Australia’s in the middle of a campaign right now to cut out single-use plastic bags, straws, bottles, etc. And it’s making me think about human behaviour.
How often do you ignore something wrong, something as simple as a discarded can lying in the gutter? Simply because you didn’t drop it there, or you didn’t have time to pick it up and find a rubbish bin, or you didn’t want to get your hands dirty. Fair enough.
It happens. We all feel that way at times.
But what would happen if you took a different view? If I took a different view? What if we all think from the ‘I’ point of view. First person, in writing terms. As in, “What can I do to help? What can I do to make it better?”
I know this can be turned on its head and people could just say ‘But I didn’t do that, so why should I have to clean up the mess.’ Or from the perpetrators’ point of view: ‘I can’t be stuffed walking two metres to the bin, I’ll drop my rubbish here.’
It’s too easy to go down that path, and we’ve all been there. But it would be nice to think that we, as humans who are apparently meant to be the superior beings, could collectively say, ‘I will do it. I will put my rubbish in the bin. I will help. I will pick up that bottle and put it in recycling. I will decide not to buy a plastic bottle of water today – instead, I’ll remember to take my reusable water bottle, to save money and the impact of packaging.’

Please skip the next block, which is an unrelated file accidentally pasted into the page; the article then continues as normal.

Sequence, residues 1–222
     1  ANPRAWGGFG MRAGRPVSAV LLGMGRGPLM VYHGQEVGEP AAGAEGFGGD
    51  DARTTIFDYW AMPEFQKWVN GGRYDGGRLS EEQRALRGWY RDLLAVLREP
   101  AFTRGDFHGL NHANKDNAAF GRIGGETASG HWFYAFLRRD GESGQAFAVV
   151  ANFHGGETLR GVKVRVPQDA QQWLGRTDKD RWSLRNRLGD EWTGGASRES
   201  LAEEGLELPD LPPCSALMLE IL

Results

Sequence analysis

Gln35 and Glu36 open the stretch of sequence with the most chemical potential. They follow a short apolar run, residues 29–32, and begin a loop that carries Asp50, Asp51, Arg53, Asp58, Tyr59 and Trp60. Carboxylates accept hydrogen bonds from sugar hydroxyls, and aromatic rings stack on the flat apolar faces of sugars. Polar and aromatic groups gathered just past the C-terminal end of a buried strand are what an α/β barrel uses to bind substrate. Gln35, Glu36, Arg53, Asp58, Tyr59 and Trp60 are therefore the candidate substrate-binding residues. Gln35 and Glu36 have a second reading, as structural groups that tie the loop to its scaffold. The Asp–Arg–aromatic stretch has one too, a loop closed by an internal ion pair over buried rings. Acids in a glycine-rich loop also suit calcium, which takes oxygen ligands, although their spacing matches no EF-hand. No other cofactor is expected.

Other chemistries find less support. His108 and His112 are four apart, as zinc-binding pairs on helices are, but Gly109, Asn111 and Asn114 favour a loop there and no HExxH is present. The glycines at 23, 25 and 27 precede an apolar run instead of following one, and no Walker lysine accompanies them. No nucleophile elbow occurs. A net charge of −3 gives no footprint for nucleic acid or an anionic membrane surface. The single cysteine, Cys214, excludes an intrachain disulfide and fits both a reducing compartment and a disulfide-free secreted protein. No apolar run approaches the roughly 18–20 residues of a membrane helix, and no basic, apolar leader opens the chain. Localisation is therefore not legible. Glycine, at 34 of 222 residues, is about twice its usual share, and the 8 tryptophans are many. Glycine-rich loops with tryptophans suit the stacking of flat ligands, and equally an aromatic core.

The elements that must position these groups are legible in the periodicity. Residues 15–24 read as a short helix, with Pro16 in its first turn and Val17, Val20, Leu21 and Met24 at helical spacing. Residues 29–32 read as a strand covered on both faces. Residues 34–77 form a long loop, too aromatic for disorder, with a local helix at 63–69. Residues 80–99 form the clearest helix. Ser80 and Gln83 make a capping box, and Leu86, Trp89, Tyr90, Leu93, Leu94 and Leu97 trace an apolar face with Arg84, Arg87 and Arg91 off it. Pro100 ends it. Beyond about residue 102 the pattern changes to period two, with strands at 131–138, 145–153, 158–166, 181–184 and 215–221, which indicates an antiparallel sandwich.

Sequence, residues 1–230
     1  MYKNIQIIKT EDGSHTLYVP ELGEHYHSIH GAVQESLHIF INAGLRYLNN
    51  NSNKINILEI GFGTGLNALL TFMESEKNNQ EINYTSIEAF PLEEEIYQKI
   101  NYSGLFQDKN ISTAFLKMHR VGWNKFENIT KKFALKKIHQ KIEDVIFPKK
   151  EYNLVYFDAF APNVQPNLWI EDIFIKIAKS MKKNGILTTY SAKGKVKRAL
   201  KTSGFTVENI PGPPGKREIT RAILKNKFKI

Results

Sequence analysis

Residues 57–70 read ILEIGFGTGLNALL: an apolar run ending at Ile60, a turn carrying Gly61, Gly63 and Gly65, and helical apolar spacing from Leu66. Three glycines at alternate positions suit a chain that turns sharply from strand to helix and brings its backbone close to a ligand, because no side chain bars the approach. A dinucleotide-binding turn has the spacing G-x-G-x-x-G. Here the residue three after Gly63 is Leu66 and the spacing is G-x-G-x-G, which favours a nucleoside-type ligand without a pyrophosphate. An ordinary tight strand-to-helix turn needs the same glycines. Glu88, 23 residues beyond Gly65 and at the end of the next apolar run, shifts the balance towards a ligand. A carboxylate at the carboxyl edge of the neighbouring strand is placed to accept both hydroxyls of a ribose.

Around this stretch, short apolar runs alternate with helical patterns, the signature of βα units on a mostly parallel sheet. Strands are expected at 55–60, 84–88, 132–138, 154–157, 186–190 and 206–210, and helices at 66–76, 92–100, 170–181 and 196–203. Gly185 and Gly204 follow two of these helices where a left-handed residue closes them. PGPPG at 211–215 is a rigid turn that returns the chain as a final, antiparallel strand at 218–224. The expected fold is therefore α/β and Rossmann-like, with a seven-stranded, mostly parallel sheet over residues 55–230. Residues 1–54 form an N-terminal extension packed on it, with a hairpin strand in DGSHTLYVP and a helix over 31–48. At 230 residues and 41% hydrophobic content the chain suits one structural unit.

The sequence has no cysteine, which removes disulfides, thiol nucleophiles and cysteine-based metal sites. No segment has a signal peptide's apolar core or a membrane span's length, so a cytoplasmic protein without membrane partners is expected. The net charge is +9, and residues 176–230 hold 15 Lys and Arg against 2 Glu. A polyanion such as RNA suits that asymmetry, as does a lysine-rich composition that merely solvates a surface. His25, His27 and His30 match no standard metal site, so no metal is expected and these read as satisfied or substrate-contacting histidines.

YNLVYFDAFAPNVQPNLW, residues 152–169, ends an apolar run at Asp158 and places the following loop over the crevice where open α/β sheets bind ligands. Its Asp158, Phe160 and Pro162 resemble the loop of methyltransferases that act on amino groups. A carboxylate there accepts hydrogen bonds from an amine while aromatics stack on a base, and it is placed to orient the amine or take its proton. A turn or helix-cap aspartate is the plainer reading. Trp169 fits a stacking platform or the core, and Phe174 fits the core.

Do you see what I mean? If we all decide personally to do something positive, every day, it could create a massive impact. Start simple, work your way up. Pick up that rubbish; don’t buy the takeaway food in all its throwaway packaging; help your neighbours move something; tell the people down the street that their poor dog barks for hours on end when they’re out; call the police if you hear a disturbance next door; ask authorities to investigate if you think something terribly wrong is happening to that child.
Okay, the last couple are dramatic examples and I don’t wish for anyone to have to face things like that. But they do happen, and often they keep happening because people nearby prefer to stay out of it: “It’s not my problem. Not my fault.”
Well, it may not be MY fault, but I can be part of the change, by doing something good every day.
YOU can be part of the change, by doing something good every day.
WE can be part of the change, by doing something good every day.
Collectively, we’d all end up much better off. And really, most of it’s not that hard 🙂